Diana's funeral Saturday at Westminster Abbey
Royal family plans 'unique funeral for a unique person'
September 1, 1997
Web posted at: 9:13 a.m. EDT (1313 GMT)
- Burial to be near family home
- Body will not lie in state
- Condolences but no public viewing
- Related stories and sites
LONDON (CNN) -- The funeral for Princess Diana will be held on Saturday at Westminster Abbey, befitting her status as the mother of a future king, but she will not receive the state funeral usually reserved for kings and queens. Her body will not lie in state beforehand.
A L S O :
Diagram of the crash
A Unique Funeral:
CNN's Margaret Lowrie reports that Diana's funeral will be a unique one, for a unique person.
The Spencer Family:
CNN's Brett Sadler tells the history of the family from which Diana came.
A Nation Mourns:
CNN's Richard Blystone shows a nation of mourners...they come not from the social set where Diana moved, but from the set moved by her.
Japan's Imperial Family:
In Japan, as CNN's Jackie Shymanski reports, the press is kept at a polite distance from their Imperial Family.
Diana will be buried in a private service at Althorp, the stately home of her family, the Spencers, in central England, 60 miles (100 km) northwest of London.
For more than 24 hours after Diana's death in a Paris car accident Sunday, Buckingham Palace deliberated between a state funeral and a private ceremony.
On Monday, the palace announced arrangements that balanced public desire to pay tribute to the princess with private grief for the woman considered part of the royal family despite her divorce last year from Prince Charles.
Asked whether the funeral would be a full state occasion, a palace spokesman said: "The status is irrelevant. This is a unique funeral for a unique person." There is no ceremonial precedent for the death of a divorced wife of the heir to the throne.
Condolences but no public viewing
At the request of both the royal family and the Spencers, the coffin will lie privately in front of the altar of the Chapel Royal at St. James's Palace until the funeral. The palace is Prince Charles' home.
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"It was her own situation that trapped her," says Ingrid Seward of Majesty Magazine
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"Helping everybody, trying to be happy..."
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"She could relate to people of all levels..."
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"She was a breath of fresh air..."
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Four books of condolence will be opened at St. James's Palace for mourners to pay tribute to Diana. "Although there is no lying in state, obviously we want to ensure that as many of the public who wish to can share in the grieving," a palace spokeswoman said.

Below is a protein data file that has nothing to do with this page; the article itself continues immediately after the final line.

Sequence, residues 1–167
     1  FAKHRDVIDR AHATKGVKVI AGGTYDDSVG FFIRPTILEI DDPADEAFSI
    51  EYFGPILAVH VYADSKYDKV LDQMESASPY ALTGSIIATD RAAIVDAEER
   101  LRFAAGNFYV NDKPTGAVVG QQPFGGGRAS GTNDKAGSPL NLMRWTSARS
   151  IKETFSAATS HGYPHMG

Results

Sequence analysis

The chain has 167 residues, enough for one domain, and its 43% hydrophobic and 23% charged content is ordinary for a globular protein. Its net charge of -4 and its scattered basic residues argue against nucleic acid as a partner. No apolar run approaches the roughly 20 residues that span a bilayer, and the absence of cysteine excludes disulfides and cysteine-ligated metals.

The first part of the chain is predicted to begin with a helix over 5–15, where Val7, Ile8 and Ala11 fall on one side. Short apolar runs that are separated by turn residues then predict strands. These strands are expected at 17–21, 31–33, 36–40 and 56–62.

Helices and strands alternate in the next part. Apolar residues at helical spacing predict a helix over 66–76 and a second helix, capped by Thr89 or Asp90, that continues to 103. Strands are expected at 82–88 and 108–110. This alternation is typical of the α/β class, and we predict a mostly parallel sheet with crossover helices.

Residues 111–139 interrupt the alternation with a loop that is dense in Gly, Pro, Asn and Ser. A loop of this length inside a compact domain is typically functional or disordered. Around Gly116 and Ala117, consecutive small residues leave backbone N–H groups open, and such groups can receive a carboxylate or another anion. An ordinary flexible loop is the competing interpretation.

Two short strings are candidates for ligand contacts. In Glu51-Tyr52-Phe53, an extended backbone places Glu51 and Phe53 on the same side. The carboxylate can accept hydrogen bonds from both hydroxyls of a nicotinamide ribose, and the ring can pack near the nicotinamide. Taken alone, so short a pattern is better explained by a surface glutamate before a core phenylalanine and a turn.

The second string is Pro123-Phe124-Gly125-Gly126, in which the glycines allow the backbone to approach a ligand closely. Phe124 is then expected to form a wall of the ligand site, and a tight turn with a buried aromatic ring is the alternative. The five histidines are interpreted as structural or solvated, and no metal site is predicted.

Flags will be flown at half-staff across Britain up to and on the day of the funeral.
Diana's coffin will be carried in procession through central London from the Chapel Royal to Westminster Abbey on the morning of the funeral service, scheduled to begin at 11 a.m. (6 a.m. EDT).
Westminster Abbey, the central London church consecrated in the 11th century, is where the 1,000 year-old British monarchy has traditionally crowned and buried its dead.
Members of the two families will travel separately to Althorp where Diana will be buried later in the day.
Royal funerals traditionally fall into three categories:
The state funeral is usually for sovereigns alone, but on rare occasions has been arranged to honor exceptionally distinguished people such as Lord Nelson, the Duke of Wellington, and in 1965 Sir Winston Churchill.
- A "ceremonial royal funeral" is for members of the royal family with high military rank, for the sovereign's consort (spouse of a reigning monarch) and the heir to the throne.
- Private royal funerals are for all other members of the royal family, their spouses and their children.
Diana, 36, died after an evening out in Paris with boyfriend Dodi Fayed. Fayed, whose father owns Harrods Ltd., and the car's driver, Henry Paul, 41, were also killed in the crash. The Egyptian-born Fayed was buried late on Sunday at Brookwood cemetery, 25 miles southwest of London after a funeral service at a London mosque.
Trevor Rees-Jones, a bodyguard also riding in the car, survived with serious injuries. He remained in intensive care in a Paris hospital where his condition was described as grave but not life-threatening.
Throughout Sunday night and into Monday morning, carpets of flowers lay outside Buckingham Palace and Diana's Kensington Palace residence and small groups of mourners held candlelight vigils.
Correspondents Siobhan Darrow, Margaret Lowrie and Reuters contributed to this report.